• Different datasets were analyzed to achieve the target, such as C1, C2, C3, C4, C5, C6 and C7 with lagged past daily rainfall and runoff. Overall, C3 and C7 were performed best among all the dataset. These two datasets showed efficient and accurate results in the training and testing phases.

  • The M5 model tree was performed better than other applied techniques. GEP has also exhibited good results to understand the rainfall runoff process. The RBF-SVM performed less accurate as compared to other applied techniques.

  • Flow duration curve (FDCs) were used to compare the modeled and observed dataset of the Jhelum River basin. For High flow and medium-high flows, GEP exhibited well. M5 model tree displayed better results for medium-low and low percentile flows. RBF-SVM exhibited better for low percentile flows. GEP was found the accurate and highly efficient DDM among the AITs applied techniques.

  • This study will help understand the complex rainfall-runoff process, which is a stochastic process. Streamflow, weather forecasting plays a key role in water resources management and planning.

Advertisement

Acknowledgments

The dataset of metrological provided by Pakistan metrological department as well as stream flow data provided by WAPDA.

Advertisement

Conflict of interest

The authors hereby declare that there is no conflict of interest.

© 2021 The Author(s). Licensee IntechOpen. This chapter is distributed under the terms of the Creative Commons Attribution 3.0 License, which permits unrestricted use, distribution, and reproduction in any medium, provided the original work is properly cited.

How to cite and reference

Link to this chapter Copy to clipboard

Cite this chapter Copy to clipboard

Muhammad Waqas, Muhammad Saifullah, Sarfraz Hashim, Mohsin Khan and Sher Muhammad (June 9th 2021). Evaluating the Performance of Different Artificial Intelligence Techniques for Forecasting: Rainfall and Runoff Prospective, Weather Forecasting, Muhammad Saifullah, IntechOpen, DOI: 10.5772/intechopen.98280. Available from:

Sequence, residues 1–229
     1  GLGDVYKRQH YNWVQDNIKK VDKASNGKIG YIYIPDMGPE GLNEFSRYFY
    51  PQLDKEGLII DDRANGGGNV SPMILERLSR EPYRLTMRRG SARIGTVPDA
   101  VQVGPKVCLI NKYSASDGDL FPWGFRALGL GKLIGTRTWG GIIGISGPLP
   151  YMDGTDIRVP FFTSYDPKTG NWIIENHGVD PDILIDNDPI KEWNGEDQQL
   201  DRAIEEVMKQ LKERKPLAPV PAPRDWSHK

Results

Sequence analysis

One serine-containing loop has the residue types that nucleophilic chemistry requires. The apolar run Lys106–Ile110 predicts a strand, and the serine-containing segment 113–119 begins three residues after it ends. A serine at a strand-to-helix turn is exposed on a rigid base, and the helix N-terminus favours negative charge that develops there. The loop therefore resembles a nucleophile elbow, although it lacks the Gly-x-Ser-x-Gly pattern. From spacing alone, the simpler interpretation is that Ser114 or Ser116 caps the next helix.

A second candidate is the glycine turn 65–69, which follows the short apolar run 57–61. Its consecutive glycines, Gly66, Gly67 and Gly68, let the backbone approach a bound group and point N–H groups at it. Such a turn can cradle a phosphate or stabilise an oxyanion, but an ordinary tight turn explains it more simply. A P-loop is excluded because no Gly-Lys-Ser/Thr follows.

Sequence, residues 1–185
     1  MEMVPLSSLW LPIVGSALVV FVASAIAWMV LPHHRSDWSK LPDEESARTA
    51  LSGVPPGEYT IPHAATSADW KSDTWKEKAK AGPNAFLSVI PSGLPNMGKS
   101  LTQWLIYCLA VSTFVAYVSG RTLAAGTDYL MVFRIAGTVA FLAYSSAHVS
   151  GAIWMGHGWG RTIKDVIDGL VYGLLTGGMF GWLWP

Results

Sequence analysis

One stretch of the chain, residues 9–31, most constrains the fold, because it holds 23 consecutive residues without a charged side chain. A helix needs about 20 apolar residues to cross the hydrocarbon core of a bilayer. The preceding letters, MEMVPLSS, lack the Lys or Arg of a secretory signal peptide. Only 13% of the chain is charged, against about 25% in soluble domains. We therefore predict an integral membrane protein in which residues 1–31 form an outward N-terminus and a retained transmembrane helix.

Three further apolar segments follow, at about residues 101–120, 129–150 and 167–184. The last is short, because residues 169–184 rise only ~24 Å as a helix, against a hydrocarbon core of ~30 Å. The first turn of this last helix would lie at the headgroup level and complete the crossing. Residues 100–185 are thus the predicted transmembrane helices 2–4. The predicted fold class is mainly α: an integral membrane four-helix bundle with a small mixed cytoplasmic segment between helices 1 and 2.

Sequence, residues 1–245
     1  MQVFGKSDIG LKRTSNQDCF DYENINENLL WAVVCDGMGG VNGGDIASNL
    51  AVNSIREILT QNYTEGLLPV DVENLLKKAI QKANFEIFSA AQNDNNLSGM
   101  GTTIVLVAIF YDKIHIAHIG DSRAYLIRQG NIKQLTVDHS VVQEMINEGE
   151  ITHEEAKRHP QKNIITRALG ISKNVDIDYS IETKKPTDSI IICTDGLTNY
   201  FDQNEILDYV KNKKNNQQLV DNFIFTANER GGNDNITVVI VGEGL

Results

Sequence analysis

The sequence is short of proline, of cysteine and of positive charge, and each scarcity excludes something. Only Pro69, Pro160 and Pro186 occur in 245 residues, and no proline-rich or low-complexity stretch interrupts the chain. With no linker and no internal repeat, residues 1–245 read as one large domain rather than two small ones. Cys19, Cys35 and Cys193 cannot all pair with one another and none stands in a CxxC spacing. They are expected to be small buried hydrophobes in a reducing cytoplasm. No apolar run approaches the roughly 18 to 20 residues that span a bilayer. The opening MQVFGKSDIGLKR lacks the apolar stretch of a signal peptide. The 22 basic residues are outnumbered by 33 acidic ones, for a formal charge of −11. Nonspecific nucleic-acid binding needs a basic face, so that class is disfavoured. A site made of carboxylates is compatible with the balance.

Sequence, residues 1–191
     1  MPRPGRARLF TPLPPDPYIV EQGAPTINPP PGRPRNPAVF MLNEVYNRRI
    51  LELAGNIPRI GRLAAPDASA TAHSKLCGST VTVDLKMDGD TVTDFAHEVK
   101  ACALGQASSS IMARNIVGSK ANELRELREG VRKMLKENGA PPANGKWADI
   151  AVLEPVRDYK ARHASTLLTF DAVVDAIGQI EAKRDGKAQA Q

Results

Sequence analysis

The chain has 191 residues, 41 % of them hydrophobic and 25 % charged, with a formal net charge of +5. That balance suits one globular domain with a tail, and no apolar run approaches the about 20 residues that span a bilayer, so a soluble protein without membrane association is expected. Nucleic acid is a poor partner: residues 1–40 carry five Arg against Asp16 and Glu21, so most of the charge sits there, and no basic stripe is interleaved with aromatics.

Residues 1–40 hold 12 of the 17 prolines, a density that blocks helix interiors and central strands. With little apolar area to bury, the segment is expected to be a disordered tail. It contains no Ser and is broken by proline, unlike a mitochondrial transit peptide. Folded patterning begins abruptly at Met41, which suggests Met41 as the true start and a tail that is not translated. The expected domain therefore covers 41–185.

chapter statistics

91total chapter downloads

More statistics for editors and authors

Login to your personal dashboard for more detailed statistics on your publications.

Access personal reporting

Related Content

This Book

Next chapter

Application of Kalman Filter and Breeding Ensemble Technique to Forecast the Tropical Cyclone Activity

By Cong Thanh, Dao Nguyen Quynh Hoa and Tran Tan Tien

Related Book

First chapter

GHG Emissions from Livestock: Challenges and Ameliorative Measures to Counter Adversity

By Pradeep Kumar Malik, Atul Purushottam Kolte, Arindam Dhali, Veerasamy Sejian, Govindasamy Thirumalaisamy, Rajan Gupta and Raghavendra Bhatta

We are IntechOpen, the world's leading publisher of Open Access books. Built by scientists, for scientists. Our readership spans scientists, professors, researchers, librarians, and students, as well as business professionals. We share our knowledge and peer-reveiwed research papers with libraries, scientific and engineering societies, and also work with corporate R&D departments and government entities.

More About Us